Thoughts on South African and international politics and culture

Thursday, April 03, 2008

The Aftermath of Mugabe
Well, it now seems fact over speculation that Mugabe will haunt Southern Africa no more. With the parliamentary majority moving to the MDC, even if a presidential run-off occurs (the presidential results have not yet been officially released) in three weeks and Mugabe tricked his way into that, he would have little ability to impact policy, besides the use of his veto.

However, the prospect of a Mugabe win is now a distant possiblity anyway. If there was to be the need for a run-off, it is highly unlikely in the first place that Mugabe would contest. For a "fearless leader" such as himself to go through a run-off process in the full knowledge that he would be a lame duck president anyway would be an unbearable embarrassment for him. Secondly, it is much more likely that the people of Zimbabwe would see the change in voter sentiment and be emboldened by the MDC's parliamentary gains and vote overwhelmingly for Morgan Tsvangirai.

There are huge talks going on behind the scenes, apparently mediated by SA, between Zanu-PF and the MDC, and critically, between the MDC and the military. The military have long stated their willingness to keep Mugabe in power, and the threat of a military coup is evident. Much of the work SA has been doing is in convincing the military to step down and support the democratic process.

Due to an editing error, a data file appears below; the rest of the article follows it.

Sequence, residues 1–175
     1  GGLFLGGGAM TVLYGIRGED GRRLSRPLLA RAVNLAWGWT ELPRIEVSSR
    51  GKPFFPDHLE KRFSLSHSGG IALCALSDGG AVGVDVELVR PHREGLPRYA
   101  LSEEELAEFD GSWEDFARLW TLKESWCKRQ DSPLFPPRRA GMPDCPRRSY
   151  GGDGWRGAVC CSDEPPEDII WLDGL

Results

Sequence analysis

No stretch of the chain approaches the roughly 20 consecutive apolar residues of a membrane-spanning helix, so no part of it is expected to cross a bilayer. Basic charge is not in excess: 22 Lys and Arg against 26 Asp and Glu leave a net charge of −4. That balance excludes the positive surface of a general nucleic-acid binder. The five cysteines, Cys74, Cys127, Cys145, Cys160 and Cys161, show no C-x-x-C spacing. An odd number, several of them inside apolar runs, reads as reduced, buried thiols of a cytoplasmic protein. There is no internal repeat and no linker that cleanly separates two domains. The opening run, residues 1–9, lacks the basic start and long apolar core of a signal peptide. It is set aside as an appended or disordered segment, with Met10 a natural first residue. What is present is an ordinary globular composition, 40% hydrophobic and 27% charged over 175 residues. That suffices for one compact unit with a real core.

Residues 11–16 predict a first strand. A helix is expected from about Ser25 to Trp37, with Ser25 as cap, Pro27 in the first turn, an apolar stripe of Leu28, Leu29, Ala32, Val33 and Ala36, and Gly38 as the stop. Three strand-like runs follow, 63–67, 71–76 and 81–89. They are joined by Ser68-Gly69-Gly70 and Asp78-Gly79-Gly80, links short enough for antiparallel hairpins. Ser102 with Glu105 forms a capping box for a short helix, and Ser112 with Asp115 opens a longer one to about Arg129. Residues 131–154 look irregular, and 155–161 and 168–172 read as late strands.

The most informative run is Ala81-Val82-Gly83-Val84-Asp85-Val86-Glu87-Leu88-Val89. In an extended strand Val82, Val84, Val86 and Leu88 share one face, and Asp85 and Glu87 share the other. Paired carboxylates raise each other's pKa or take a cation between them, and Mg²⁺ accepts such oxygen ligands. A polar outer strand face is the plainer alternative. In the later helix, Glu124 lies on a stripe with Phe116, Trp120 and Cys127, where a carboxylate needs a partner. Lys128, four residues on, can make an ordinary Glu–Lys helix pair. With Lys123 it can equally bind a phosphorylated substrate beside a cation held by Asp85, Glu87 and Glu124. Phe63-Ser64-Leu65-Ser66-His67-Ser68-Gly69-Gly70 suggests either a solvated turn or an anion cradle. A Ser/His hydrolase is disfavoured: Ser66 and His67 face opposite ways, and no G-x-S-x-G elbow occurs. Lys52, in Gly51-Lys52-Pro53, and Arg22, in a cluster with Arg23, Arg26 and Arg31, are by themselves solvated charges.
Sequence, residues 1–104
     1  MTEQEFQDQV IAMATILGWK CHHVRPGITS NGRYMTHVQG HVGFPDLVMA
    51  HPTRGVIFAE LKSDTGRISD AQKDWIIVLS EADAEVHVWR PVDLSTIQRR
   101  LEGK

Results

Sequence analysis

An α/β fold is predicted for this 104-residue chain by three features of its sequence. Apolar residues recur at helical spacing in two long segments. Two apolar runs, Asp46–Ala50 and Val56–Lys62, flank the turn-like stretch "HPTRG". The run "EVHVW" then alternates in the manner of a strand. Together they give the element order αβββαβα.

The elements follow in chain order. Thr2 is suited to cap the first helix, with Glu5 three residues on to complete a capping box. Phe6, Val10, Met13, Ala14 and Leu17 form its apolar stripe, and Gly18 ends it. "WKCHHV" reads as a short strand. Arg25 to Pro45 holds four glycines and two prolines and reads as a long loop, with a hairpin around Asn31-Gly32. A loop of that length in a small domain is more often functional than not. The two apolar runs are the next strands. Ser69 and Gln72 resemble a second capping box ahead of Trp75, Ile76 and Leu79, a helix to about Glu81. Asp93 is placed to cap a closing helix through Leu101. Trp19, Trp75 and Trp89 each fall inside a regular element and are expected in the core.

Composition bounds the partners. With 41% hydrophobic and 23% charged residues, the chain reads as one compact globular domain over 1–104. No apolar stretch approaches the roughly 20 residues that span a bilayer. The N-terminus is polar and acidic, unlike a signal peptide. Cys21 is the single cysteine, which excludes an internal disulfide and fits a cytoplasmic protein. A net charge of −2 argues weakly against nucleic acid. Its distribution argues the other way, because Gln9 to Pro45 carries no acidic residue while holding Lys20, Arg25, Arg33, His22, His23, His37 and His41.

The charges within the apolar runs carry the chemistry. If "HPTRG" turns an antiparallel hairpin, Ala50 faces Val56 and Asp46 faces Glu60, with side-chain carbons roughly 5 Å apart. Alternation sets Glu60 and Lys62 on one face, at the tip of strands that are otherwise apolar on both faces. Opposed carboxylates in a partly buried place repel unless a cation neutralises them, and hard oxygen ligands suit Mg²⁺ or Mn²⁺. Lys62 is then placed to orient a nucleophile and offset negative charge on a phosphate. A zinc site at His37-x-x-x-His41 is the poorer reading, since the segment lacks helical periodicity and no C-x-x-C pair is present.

It is most likely then that Tsvangirai and the MDC will be in control of Zimbabwe very shortly, which despite the flaws of the MDC, is an oerwhelmingly positive result, and the end of an era for Zimbabwe, and for Southern Africa. There are massive aid packages being prepared by the global powers to pour money into Zimbabwe's coffers, all of which is a welcome sight for Southern Africa. It may relieve some of the immigration pressures on South Africa too, as many Zimbabweans return to rebuild their country and their lives.

After watching Mugabe destroy this once proud nation over the last two decades and particularly since 2000, it is an amazing transition to watch, and I can only imagine the joy felt by the majority of the Zimbabwean people.